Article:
Surgery Plus Hyperthermic Intra-peritoneal Chemotherapy (HIPEC) Versus Surgery Alone in Patients With Platinum-sensitive First Recurrence of Ovarian Cancer: a Prospective Randomized Multicenter Trial.
Among the malignancies of the female genital tract, ovarian cancer is the second most common
cancer after the endometrial tumor, but the more lethal, representing the fifth leading
cause of death among women in industrialized countries. For the most part, these are
epithelial tumors (>70%), who begin with vague gastrointestinal symptoms, general malaise,
abdominal bloating, weight loss and fatigue. Because of the non-specificity oh the symptoms
and the often late presentation, about 70% of the diagnosis is made at an advanced stage of
disease (IIIC). In the last two decades only a modest improvement in survival was achieved.
Moreover, even after optimal cytoreduction followed by adjuvant chemotherapy based on
platinum and taxane, which is currently the standard for this type of disease, most patients
with stage III disease developed a recurrence.
Rational of HIPEC in recurrent ovarian cancer: the cytoreduction. Contrary to what happens
in the primary disease is not yet clear what is the standard treatment in recurrent
epithelial ovarian cancer (EOC).
Patients who experience a recurrence within 6 months from the end of the first-line
chemotherapy are considered platinum-resistant and have applied for a salvage treatment with
second line drugs with low response rates and poor survival. Patients who recur after 6
months are considered platinum-sensitive and, therefore, subject to a new chemotherapy
treatment with a platinum compound possibly in combination with paclitaxel (re-challenge).
In these patients it is possible to achieve a clinical response rate similar to the primary
treatment, with median survival reported between 12 and 24 months. Recently surgery affirmed
a major role not only in the primary treatment but also in recurrent chemo-sensitive ovarian
cancer. A meta-analysis of 2019 patients has shown that obtain an optimal secondary
cytoreduction independently correlates with survival (OS) after recurrence. However, a
recent Cochrane, showed that, from the studies available nowadays, is not possible to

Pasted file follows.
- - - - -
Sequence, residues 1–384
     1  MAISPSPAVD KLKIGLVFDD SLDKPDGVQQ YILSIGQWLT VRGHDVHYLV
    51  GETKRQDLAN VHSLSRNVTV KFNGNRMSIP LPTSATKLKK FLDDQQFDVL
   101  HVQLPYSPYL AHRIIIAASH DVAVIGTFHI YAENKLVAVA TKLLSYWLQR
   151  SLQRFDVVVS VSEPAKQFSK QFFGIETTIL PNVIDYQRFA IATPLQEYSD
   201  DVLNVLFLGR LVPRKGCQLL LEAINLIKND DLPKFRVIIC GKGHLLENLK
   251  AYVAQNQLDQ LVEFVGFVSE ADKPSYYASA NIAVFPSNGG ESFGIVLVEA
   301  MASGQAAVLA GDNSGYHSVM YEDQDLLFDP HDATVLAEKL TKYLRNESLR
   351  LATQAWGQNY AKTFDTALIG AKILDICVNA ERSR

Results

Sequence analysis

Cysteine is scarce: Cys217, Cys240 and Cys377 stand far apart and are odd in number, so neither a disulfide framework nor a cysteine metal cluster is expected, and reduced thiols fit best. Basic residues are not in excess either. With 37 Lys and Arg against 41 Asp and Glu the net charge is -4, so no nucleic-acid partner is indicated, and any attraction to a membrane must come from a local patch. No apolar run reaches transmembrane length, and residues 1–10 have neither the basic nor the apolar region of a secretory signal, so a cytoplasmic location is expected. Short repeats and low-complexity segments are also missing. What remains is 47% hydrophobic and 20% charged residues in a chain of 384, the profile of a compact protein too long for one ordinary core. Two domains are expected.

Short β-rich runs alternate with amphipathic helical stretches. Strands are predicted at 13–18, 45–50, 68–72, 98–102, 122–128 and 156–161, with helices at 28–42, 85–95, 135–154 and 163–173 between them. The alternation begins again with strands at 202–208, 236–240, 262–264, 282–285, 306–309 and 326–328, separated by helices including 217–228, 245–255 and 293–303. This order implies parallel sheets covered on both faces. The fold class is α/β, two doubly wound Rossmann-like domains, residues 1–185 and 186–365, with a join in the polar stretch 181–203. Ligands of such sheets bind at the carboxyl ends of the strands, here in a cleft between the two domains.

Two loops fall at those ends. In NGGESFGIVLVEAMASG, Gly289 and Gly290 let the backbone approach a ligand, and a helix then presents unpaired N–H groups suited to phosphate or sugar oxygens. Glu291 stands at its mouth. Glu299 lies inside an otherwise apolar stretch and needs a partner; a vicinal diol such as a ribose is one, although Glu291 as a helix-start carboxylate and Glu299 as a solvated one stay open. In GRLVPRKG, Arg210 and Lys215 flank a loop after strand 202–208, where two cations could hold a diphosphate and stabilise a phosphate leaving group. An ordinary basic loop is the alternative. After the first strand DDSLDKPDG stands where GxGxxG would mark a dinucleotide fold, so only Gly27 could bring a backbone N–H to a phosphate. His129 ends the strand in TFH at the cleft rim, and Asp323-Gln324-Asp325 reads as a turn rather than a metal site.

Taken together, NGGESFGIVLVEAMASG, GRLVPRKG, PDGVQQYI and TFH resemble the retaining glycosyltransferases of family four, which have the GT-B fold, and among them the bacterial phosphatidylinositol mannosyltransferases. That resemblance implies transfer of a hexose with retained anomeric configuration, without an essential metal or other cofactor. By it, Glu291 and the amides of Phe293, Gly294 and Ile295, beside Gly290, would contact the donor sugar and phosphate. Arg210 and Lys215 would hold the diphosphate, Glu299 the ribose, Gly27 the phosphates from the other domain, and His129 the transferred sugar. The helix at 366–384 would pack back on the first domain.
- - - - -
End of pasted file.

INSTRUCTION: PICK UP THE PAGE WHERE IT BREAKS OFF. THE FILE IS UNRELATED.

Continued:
substantiate a difference in prognosis between the exclusive chemotherapy treatment and the
association of surgery with adjuvant chemotherapy.
The results of the multicenter trial DESKTOP I show that, even in the presence of peritoneal
carcinomatosis, the 2-year survival improves if an optimal cytoreduction is obtained.
Rational of HIPEC in recurrent ovarian cancer: intraperitoneal chemotherapy Many patients
who undergo optimal cytoreduction may benefit from adjuvant chemotherapy administered
intraperitoneally (IP). Several randomized trials have demonstrated improved survival
associated with IP platinum-based chemotherapy as first-line adjuvant therapy after optimal
cytoreduction, although it is still unclear which patients might benefit most, or what would
be the best drug , its dose or the right number of cycles. The adjuvant IP therapy, however,
seems to have more side effects than intravenous therapy (IV) and consequently a worsening
of the quality of life (QOL).
Rational use of HIPEC in recurrent ovarian cancer: hyperthermia The association of
hyperthermia plus chemotherapy to the surgery based its rational on the cytotoxic effect of
hyperthermia, which not only cause a rupture of cell membranes due to protein denaturation
(direct effect), but also an increase in the permeability of new vessels and an impairment
of receptor protein complexes (indirect effect). The sensitivity of the solid tumors to
hyperthermia is probably linked to the creation of a microenvironment with a low pH, low
oxygen tension, low glucose levels in response to high temperature. Inactivation of tumor
cells is time and temperature dependent, and starts at 40-41 ° C. Experimental data show
that human tumor cell lines are more sensitive to a moderate hyperthermia (41-42 ° C).
Furthermore, the ability of its cytotoxic chemotherapeutic agents, including mitomycin C,
doxorubicin, cisplatin and oxaliplatin, is enhanced by hyperthermia itself.
Secondary cytoreduction (CRS), HIPEC and ovarian cancer Since its first appearance in 1980,